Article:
April 14, 2024

Farmers across Bulgaria began protests against the country’s parliament deciding to resume imports of agricultural products from Ukraine, Forbes Bulgaria reported on Sept. 18.

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By 10:00 a.m. local time, farmers had brought heavy farming equipment onto major roadways, blocking traffic. They shut down border crossings, major roads, and highways in the country.

The protesters are demanding the government extends the ban on imports of Ukrainian sunflower, wheat, corn, and rape seeds. They also want a ban on the import of sunflower oil, fresh and frozen fruits and vegetables, milk and dairy products, meat and meat products, honey, and beekeeping products from Ukraine.

Additionally, farmers insist on stricter controls over the origin and quality of agricultural products imported into the country. They are also demanding full compensation for “increased production costs due to war” to be paid by Sept. 30.

Bulgarian PM Nikolai Denkov said the protesting farmers had rejected his two invitations for dialogue. He stated he “will not invite them [for talks] until they say they are ready to meet.”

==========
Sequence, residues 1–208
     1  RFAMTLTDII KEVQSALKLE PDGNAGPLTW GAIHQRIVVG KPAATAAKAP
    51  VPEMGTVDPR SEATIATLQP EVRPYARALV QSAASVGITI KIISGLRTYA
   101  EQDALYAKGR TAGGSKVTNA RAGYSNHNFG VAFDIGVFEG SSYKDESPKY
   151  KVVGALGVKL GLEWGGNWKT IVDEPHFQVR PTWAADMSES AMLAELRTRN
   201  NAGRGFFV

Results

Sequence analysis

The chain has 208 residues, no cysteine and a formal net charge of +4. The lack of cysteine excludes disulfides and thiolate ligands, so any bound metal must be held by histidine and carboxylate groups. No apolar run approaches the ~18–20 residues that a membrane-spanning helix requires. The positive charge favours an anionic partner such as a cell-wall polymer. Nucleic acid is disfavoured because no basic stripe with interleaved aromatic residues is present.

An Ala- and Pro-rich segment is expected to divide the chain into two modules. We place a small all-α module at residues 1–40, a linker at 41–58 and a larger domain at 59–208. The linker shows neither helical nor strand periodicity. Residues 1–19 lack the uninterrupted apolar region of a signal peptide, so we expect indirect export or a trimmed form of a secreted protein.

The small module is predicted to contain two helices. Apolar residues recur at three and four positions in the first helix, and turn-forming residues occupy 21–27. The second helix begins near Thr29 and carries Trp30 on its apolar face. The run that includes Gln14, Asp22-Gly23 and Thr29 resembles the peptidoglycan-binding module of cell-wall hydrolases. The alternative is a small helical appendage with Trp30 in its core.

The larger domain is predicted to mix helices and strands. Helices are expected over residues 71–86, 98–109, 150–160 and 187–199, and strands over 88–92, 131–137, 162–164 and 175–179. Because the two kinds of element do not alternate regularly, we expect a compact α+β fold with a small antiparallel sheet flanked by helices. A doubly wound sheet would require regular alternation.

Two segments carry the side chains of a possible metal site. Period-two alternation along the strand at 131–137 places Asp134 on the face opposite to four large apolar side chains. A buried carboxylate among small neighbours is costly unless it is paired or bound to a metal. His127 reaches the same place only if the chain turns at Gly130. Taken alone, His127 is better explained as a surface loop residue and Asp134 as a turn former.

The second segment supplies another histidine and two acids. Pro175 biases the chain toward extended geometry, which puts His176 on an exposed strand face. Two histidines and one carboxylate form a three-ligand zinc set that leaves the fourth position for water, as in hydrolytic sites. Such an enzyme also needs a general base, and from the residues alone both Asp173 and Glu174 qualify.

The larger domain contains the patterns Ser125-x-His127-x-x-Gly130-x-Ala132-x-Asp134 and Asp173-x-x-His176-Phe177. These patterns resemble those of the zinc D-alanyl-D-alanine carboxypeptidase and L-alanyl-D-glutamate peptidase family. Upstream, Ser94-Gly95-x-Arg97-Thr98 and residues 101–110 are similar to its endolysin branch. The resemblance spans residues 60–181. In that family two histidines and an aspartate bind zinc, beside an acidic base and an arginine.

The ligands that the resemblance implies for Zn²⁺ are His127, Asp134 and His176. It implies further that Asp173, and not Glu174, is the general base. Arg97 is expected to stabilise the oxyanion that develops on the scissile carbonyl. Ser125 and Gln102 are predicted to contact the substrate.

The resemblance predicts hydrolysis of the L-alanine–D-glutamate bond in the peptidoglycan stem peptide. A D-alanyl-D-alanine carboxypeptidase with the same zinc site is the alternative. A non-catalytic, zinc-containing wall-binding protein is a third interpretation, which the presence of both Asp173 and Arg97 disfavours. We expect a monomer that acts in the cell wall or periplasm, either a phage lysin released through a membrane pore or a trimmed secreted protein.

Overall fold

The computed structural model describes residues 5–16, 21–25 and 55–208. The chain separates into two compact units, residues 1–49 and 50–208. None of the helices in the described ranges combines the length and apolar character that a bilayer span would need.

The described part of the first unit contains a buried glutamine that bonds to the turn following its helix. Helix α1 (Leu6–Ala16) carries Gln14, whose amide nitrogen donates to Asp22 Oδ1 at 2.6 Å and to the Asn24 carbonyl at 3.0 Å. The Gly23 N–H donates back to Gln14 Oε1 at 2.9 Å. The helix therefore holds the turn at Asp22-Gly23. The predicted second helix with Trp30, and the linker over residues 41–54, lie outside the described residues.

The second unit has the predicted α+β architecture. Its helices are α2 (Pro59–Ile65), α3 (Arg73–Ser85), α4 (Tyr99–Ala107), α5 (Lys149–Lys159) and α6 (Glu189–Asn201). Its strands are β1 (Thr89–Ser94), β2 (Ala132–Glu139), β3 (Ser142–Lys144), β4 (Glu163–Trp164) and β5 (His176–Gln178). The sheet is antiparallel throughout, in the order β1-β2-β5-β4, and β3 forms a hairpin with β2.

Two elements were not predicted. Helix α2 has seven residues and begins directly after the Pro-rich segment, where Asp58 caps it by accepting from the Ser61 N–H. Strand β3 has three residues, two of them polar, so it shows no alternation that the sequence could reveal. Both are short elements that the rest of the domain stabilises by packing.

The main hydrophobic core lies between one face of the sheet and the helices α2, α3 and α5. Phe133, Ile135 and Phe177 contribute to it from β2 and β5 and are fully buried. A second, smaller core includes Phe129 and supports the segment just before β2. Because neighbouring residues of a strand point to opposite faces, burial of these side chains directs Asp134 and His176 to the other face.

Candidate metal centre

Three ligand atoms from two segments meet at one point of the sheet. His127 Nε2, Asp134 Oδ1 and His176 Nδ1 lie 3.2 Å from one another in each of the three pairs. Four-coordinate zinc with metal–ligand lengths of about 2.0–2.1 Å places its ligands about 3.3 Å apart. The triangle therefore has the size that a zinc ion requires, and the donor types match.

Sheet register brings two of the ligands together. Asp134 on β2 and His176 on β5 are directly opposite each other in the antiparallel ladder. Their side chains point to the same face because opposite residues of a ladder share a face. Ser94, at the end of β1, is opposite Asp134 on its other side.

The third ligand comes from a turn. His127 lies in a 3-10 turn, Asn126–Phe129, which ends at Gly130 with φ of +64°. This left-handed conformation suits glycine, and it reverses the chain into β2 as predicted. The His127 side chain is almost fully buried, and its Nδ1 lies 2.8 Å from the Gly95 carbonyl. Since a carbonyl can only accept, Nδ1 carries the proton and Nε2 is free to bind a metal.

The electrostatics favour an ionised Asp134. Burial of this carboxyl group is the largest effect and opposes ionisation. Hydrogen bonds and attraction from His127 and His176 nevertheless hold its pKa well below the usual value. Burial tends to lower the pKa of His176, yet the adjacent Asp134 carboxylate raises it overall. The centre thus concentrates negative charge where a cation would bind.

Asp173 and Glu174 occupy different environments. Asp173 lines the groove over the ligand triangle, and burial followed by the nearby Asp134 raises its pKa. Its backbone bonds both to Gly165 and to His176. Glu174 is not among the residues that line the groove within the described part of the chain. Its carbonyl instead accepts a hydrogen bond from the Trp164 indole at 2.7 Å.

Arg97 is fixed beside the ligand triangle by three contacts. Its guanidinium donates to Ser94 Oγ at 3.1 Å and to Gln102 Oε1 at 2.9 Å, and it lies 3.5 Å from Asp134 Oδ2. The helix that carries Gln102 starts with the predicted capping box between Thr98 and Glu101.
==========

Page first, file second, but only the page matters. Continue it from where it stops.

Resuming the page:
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Previously, Denkov described the farmers’ arguments as “unworkable,” comparing them to “terrorists”, attracting criticism from local farm workers and some politicians.

Read also: Hungary threatens to introduce total ban on Ukraine agro imports

On Sept. 15, the European Commission decided not to extend the ban on importing Ukrainian grains into Poland, Bulgaria, Romania, Hungary, and Slovakia, provided that Ukraine adheres to certain rules, such as implementing export control measures.

Read also: Brussels allows Ukraine grain import ban to expire

After this, Poland, Hungary, and Slovakia announced they would unilaterally continue the ban on importing Ukrainian grains. Besides wheat, rapeseed, sunflower, and corn, Poland has banned the import of groats and flour into the country, while Hungary has expanded the list to 25 items.

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Read the original article on The New Voice of Ukraine

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